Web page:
From miscalculating pay to record-keeping errors, a simple payroll mistake can cost your small business. Here are some of the most common payroll mistakes (and how to prevent them).
What causes payroll to be prone to so many errors? Payroll studies show that businesses of all sizes and industries face challenges in delivering accurate and on-time payroll. Common issues include:
- Staying Compliant. Keeping up with new employment laws, changing deadlines, and constant updates make staying compliant an ongoing challenge.
- Managing the Complexities of Multi-state Payroll. In addition to federal laws, employers must adhere to state laws where employees are working. These employment laws and regulations differ from state to state and can be complex, especially for multi-state employers.
- Limited Tools and Technology. Without the right tools or technology required to process payroll or analyze data, employers have to process payroll manually, exposing employers to errors.
Your Payroll Could be Costing You
Payroll mistakes can be costly in terms of lost revenue, the staff time required to correct errors, and potential legal action and fines.
According to the Ernst & Young (EY)study, payroll mistakes cost, on average, $291 per error to remedy and that's not including the added costs of potential compliance penalties and fines. In addition to hard costs, payroll errors also cost in terms of time. The study also found that, on average, it takes one full-time employee over half a year to resolve payroll issues - that's valuable time that could be used to focus on other priority areas.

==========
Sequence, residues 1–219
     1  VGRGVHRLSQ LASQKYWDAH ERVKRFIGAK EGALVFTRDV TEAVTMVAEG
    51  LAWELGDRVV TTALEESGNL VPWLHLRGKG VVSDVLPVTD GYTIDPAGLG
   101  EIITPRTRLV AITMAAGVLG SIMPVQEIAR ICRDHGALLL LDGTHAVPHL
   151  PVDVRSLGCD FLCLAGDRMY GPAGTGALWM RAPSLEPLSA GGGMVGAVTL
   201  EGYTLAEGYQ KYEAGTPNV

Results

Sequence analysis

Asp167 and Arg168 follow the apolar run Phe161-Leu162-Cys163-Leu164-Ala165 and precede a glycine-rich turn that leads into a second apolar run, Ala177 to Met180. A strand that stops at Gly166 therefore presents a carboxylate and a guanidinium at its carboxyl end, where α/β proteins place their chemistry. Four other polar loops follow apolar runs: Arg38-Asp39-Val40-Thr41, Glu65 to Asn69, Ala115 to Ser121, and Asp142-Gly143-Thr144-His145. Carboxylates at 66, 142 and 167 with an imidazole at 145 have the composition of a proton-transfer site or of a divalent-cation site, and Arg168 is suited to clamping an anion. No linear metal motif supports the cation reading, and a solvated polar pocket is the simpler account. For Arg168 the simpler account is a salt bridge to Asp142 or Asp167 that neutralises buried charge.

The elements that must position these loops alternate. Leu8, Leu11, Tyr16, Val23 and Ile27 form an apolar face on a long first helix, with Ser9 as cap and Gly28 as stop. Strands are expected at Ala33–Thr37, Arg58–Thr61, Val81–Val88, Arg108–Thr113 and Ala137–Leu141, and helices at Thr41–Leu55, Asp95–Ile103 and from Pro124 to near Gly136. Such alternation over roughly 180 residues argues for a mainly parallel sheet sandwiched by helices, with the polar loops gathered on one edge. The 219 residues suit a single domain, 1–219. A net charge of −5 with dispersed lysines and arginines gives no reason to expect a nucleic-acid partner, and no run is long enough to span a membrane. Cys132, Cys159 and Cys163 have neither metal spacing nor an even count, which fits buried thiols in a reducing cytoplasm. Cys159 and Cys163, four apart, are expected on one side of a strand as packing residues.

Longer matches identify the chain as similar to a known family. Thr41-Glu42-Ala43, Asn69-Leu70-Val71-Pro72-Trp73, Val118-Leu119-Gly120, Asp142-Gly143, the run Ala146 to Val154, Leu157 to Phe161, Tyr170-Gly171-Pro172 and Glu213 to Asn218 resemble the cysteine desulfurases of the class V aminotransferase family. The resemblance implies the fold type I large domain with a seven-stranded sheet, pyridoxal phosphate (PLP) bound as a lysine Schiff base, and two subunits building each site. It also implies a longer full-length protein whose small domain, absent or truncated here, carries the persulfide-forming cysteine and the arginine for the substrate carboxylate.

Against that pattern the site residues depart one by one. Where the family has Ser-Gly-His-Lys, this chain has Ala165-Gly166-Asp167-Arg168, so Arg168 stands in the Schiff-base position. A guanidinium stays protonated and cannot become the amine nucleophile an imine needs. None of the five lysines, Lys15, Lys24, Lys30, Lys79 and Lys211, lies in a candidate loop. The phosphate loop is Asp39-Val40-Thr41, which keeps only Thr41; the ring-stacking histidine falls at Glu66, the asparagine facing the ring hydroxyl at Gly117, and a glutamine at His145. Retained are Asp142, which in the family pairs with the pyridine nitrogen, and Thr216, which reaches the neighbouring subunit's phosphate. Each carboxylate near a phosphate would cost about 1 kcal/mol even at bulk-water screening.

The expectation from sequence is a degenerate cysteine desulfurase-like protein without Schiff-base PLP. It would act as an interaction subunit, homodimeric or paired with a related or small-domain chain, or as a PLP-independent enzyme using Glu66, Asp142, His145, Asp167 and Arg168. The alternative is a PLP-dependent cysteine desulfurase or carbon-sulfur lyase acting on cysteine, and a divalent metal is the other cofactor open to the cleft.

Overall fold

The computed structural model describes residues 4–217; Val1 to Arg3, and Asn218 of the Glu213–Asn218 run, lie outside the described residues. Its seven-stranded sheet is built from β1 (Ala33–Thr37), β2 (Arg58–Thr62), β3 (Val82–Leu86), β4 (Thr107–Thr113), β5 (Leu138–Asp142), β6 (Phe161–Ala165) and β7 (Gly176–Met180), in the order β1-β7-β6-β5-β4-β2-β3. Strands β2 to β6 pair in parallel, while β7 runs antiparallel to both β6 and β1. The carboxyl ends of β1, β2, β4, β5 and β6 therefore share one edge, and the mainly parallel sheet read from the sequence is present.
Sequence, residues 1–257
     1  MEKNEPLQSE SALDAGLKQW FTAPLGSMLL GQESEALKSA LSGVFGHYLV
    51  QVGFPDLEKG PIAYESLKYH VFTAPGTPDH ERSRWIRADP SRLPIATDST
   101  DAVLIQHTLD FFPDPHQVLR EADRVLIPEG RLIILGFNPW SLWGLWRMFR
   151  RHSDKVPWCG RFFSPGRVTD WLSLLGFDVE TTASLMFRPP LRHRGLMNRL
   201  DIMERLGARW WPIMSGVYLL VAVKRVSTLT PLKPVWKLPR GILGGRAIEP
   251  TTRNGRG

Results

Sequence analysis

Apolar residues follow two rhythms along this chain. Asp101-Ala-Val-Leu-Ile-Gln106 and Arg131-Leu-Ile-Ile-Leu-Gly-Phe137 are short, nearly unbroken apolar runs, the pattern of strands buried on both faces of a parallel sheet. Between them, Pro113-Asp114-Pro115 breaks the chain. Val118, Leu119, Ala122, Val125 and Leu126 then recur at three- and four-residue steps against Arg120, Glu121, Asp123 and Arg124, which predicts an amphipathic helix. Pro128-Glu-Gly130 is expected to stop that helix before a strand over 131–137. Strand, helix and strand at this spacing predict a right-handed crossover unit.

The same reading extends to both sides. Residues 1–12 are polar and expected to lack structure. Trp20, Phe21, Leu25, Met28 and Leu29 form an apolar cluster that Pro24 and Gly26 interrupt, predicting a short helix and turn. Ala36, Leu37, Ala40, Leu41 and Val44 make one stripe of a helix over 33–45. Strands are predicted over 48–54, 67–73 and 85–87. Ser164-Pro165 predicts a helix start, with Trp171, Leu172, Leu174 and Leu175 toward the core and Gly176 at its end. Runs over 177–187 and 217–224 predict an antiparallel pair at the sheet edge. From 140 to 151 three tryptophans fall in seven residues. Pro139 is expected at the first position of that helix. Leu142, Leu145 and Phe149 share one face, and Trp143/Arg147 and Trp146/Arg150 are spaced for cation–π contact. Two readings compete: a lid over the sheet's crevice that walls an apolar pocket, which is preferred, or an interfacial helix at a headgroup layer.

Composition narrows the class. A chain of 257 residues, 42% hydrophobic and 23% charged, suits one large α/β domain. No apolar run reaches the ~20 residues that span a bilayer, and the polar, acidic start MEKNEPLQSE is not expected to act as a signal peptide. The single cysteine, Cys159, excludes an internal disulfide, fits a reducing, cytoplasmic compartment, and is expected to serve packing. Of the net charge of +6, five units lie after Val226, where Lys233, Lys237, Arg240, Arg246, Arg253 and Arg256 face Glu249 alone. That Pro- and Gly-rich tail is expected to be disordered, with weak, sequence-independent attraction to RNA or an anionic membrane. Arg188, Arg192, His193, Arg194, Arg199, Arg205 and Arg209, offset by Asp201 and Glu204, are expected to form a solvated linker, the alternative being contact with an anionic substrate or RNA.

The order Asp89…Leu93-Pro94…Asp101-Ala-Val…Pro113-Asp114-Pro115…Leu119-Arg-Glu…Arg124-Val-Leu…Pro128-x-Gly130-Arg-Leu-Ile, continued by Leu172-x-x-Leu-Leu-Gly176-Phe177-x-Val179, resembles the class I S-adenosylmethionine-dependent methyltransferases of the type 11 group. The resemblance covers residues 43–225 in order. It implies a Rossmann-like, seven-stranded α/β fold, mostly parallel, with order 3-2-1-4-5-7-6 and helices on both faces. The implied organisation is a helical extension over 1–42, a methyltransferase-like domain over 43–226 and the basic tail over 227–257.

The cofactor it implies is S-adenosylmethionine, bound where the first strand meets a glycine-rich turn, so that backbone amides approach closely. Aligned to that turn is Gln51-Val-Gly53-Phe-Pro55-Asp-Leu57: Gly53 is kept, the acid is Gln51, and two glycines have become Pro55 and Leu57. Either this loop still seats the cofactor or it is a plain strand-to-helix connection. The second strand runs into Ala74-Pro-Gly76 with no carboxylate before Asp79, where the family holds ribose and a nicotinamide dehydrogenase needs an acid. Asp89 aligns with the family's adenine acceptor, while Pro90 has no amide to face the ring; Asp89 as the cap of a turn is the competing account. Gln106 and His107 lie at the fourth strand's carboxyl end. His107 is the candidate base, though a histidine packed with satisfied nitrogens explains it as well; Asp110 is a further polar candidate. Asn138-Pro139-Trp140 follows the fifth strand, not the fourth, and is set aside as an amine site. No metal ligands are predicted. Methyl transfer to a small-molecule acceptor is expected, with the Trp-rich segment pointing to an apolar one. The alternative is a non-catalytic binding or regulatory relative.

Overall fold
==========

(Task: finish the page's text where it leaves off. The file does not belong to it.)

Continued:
Among those surveyed, the most common mistakes include those related to time and attendance, and expenses, which occur on average more than once per employee per year. And the mistakes that proved to be the most time-consuming to resolve include missing and incorrect time, sick time, expenses, and mistakes related to setting up health savings plans.
8 COMMON PAYROLL MISTAKES
Miscalculating Pay. With overtime, commissions, deductions, and PTO, your payroll team has a lot to juggle when it comes to calculating pay. Without a reliable system for tracking employee hours or paid time off, the chance of making a payroll overpayment or underpayment error is inevitable.
Misclassifying Employees. Misclassifying employees can lead to tax penalties and legal issues. Not only can misclassification prevent an employee from receiving benefits and wages, but it may also mean taxes errors, resulting in fines, penalties, and potential back pay. Regularly review the IRS guidelines for employee classification and your workers' status to prevent this mistake.
Processing Payroll Manually. Manual payroll processing exposes employers to human error and can consume valuable time to correct. Invest in cloud-based software or hire a payroll service provider to streamline the process and reduce the risk of errors.
Lack of a Reliable Record-Keeping Process. Not having a reliable record-keeping process can result in compliance issues and employee disputes. In addition, audit activity is expected to increase as part of the Inflation Reduction Act to modernize the IRS and will focus on executive compensation, fringe benefits, and employment tax compliance. It's a good idea to prepare now by conducting an internal audit by reviewing payroll and employment tax administration practices to identify potential compliance risks. Also, conduct an employment tax audit to identify any issues with employment tax, tax information reporting, fringe benefits, and executive compensation.